Much more bizarrely, the octonions are nonassociative, meaning $(a \times b) \times c$ doesn’t equal $a \times (b \times c)$. “Nonassociative things are strongly disliked by mathematicians,” said John Baez, a mathematical physicist at the University of California, Riverside, and a leading expert on the octonions. “Because while it’s very easy to imagine noncommutative situations — putting on shoes then socks is different from socks then shoes — it’s very difficult to think of a nonassociative situation.” If, instead of putting on socks then shoes, you first put your socks into your shoes, technically you should still then be able to put your feet into both and get the same result. “The parentheses feel artificial.”
At the time, I didn't think much of it. This was a popular magazine, so its not unusual for writers to put things like that in the article to spice it up. But as I've been exploring, this quote has started to become more significant. I notice that semigroups and monoids have far more content surrounding them than quasigroups and loops. Indeed, I struggle to find much on quasigroups at all. I find non-associative structures embedded in higher order associative structures to study. Even when we push to the ends of the mathematical universe, with fundamental tools like category theory, we find the associativity of morphisms baked right down into the deepest layers.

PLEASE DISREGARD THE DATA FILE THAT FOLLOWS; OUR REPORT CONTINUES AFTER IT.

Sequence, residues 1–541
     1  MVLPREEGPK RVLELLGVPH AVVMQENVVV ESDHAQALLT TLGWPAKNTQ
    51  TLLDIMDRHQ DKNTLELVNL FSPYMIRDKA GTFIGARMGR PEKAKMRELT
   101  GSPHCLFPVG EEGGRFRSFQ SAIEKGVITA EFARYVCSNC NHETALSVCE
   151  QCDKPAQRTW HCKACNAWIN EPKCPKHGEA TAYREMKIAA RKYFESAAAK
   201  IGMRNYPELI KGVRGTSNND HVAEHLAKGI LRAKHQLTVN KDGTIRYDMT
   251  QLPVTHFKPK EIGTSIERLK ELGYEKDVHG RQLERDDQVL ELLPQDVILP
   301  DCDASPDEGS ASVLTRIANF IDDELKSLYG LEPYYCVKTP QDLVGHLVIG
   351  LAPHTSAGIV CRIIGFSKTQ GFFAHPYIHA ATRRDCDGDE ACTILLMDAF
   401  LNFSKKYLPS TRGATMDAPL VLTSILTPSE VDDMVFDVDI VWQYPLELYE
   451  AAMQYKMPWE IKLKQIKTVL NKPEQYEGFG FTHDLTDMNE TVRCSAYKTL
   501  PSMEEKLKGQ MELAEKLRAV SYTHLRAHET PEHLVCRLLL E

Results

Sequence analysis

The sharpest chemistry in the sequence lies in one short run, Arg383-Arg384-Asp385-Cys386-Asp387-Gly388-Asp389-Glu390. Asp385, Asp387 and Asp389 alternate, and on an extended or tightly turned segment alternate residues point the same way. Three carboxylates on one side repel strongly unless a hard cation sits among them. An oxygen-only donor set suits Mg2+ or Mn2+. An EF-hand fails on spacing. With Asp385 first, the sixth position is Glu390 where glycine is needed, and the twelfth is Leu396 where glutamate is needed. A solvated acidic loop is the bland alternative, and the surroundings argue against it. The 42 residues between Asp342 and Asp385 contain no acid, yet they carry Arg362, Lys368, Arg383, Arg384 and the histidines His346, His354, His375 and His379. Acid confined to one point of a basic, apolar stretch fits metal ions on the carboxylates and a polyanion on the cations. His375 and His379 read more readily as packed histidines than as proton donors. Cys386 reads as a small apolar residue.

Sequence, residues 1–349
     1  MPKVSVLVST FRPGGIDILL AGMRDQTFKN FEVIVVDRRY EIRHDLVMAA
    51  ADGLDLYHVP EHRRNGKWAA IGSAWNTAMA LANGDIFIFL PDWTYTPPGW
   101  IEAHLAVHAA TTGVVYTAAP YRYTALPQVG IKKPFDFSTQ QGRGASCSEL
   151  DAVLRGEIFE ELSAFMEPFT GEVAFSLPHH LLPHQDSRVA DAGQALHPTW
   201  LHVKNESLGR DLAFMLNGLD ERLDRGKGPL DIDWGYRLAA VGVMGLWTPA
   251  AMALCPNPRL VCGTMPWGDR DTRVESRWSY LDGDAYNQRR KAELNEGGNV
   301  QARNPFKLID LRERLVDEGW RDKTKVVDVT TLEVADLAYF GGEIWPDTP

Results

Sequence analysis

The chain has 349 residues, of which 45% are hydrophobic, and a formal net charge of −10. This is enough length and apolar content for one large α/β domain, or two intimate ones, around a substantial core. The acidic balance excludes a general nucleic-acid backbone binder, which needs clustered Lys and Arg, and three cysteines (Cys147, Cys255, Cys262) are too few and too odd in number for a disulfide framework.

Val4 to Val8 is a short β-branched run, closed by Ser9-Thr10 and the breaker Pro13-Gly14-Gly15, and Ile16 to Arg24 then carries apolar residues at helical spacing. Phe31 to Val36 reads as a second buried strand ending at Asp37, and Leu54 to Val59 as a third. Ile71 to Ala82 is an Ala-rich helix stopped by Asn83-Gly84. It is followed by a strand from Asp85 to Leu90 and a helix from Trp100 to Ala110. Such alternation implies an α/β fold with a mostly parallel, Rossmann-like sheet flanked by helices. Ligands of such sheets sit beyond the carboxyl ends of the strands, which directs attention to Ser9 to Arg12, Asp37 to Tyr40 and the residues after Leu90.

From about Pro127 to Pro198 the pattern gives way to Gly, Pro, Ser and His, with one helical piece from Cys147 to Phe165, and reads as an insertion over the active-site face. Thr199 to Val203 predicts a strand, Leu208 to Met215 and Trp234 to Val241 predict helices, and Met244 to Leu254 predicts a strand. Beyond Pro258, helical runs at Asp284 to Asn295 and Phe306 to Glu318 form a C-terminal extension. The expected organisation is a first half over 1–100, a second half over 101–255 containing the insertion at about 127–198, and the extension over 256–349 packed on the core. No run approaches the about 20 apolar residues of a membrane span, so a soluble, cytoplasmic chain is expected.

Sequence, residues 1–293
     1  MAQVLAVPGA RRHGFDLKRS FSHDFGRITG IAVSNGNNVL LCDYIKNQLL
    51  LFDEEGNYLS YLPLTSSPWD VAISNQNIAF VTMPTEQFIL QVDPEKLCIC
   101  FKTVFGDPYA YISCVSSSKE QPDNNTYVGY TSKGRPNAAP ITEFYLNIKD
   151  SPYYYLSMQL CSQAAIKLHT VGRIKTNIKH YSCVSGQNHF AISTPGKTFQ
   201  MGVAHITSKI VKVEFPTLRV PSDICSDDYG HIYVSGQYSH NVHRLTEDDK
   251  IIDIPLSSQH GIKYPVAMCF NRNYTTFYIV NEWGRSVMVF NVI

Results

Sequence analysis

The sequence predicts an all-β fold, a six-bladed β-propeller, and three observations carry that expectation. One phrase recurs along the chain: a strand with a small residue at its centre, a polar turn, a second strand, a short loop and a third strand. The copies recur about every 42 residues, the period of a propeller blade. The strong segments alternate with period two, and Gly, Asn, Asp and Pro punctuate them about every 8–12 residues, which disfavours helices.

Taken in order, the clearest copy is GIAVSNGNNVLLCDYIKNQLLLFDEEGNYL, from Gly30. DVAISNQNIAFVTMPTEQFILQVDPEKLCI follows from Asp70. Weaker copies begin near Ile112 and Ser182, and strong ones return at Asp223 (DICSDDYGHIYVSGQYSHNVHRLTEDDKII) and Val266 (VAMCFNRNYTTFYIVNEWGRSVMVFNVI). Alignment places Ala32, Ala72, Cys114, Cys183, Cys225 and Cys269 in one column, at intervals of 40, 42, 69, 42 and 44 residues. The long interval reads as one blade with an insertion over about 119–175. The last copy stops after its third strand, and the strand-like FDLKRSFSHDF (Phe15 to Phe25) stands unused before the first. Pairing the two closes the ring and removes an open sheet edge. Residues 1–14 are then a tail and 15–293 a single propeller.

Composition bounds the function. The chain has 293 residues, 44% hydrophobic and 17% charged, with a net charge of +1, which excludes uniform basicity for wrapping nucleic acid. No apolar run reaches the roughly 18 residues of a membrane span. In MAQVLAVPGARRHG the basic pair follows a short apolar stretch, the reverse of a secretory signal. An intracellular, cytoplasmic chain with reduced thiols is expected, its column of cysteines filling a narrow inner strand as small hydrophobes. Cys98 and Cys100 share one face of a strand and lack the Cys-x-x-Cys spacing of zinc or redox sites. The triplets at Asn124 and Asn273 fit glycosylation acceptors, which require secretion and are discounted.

What is it about the associative property that makes it so important to mathematicians? Is it just an artifact of how math evolved? Is it just a curious illusion of mine, borne of my particular journey through mathematics? Or is there something more fundamental about this property than other properties we learn about?